What Labor Shortages?

The Labor Report for May 2024

By Frank Stricker | June 2023 | Online-only

The Bureau of Labor Statistics (BLS) found that the official unemployment rate rose a tenth of a point to 4% in May. It had stayed under 4% for 27 months. When we at the National Jobs for All Network include hidden unemployment—job-wanters not searching, including many who are discouraged about finding a job or a half-way decent job, and part-timers who cannot find full-time work—the real unemployment rate is 9.6%. At this level, most employers should not be having much trouble finding employees. I don’t see much evidence of labor shortages—about which much has been said in the past three years—in the numbers, or when we are out and about in the Los Angeles area. (Admittedly, the last place we should find labor shortages is in the state with the highest unemployment rate. California’s official unemployment rate in April was 5.3% while the national rate was 3.9%.)

The Full Count

May 2024

  • Officially unemployed: 6.6 million (4.0%)
  • Hidden unemployment: 10.1 million
  • Total: 16.7 million (9.6% of the labor force)

    • [There are 2.0 job-wanters for each available job.]

      Source: U.S. Bureau of Labor Statistics.

      Find the NJFAN's full analysis of the latest unemployment data here.

In the latest federal survey, unemployment increased for many groups, but in some cases, not by much. And it fell for a couple of groups. Black unemployment jumped a half percentage point to 6.1%, but the rate for black teens fell by 4.3 percentage points to 13.9%. Go figure. Fairly small changes for the relatively small group of black teens in the labor force—under a million—make for outsized and sometimes erratic monthly changes in their unemployment rate.

The unemployment rate for disabled workers increased by more than a full point to 7.5%. Their real unemployment rate could be as much as three or four times as high. There must be a great deal of hidden unemployment in this group. I suspect that many disabled people who would like to work don’t bother trying because they don’t want to deal with resistant employers. I suspect that some employers simply do not want to hire disabled people. Overall, while the total official unemployment rate is rather low, the real unemployment rate is high and even the government’s rates for some specific groups are pretty high and are moving in the wrong direction.

But wait. Along with the main unemployment rate, the other large indicator that observers pay close attention to is the total number of jobs in the economy based on employer reports. This ‘establishment’ number comes from information supplied by non-farm employers, so it excludes farm-sector employees and also those who are considered self-employed. The number of non-farm employees increased in May by 272,000. That was more than expected, and it was stunningly different from similar data in the smaller household sample from which we get our unemployment rates. The latter showed that the total number of people with jobs fell by 408,000! So the two big numbers were far apart. Such differences are not unusual, but the size of the differences this time was very large. The BLS has never provided a convincing explanation of such differences. I’ve tried to do so and may try again someday. Meanwhile, in the grand scheme of things, while one survey showed a decline in the number of employed people, there is little evidence elsewhere that the U.S. economy is on the verge of a recession. Recently the economy has been growing at a 2.5% rate. Not bad.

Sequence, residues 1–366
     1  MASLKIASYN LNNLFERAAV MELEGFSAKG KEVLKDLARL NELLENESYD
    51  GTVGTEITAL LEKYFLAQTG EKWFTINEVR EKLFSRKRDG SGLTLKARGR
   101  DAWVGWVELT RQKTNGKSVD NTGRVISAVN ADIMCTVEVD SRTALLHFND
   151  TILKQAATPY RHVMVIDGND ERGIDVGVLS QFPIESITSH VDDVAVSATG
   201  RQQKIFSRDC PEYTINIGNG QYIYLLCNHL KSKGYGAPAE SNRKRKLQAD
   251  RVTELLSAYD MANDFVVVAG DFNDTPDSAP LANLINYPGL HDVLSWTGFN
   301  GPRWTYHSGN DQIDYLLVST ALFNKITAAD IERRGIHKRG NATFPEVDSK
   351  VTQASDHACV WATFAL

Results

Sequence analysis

More on Labor Shortages

If the real unemployment rate is very high at 9.6% and if the number of ‘discouraged workers’ is high for a prosperous period, it would stand to reason that there should not be general labor shortages. I don’t see much chatter about labor shortages anymore and sometimes some of what we hear about shortages comes from employers who don’t want to pay to get the labor they need.

But perhaps there is something like a shortage of workers in a few sectors and regions. Service in two nice restaurants in the Los Angeles area we visited last month was pretty bad, and quite a few employees seemed new to the work and discombobulated. I wondered if many restaurant managers were having trouble hiring and keeping employees across the nation. I checked the BLS’s Job Openings and Labor Turnover reports for employee turnover rates in the restaurant and accommodations sector. They were generally higher than in other sectors, but they usually are. Job openings were a little higher than they had been in the sector in another prosperous period—late 2016 to early 2017—so perhaps there is a mini-shortage, but not much of one. As mentioned earlier, the unemployment rate in my state, California, is the highest in the nation and high unemployment suggests a good labor supply.

Generally, employers aren’t having to pay much more to attract workers. For the workforce as a whole, pay levels are inching up, but very slowly. Real (after-inflation) hourly earnings for non-supervisory and production workers increased by less than 1% over the last year. That is, they are barely keeping ahead of inflation. That doesn’t make one think that employers are desperate to find new employees. By the way, I may be wrong about this, but the menu prices in those two nice restaurants seemed very high—sticker-shock-inducing—and sufficient to allow owners to pay employees a little more than they are paying.

Frank Stricker is on the board of the National Jobs for All Network and he is a contributor to Dollars & Sense.

Did you find this article useful? Please consider supporting our work by donating or subscribing.

end of article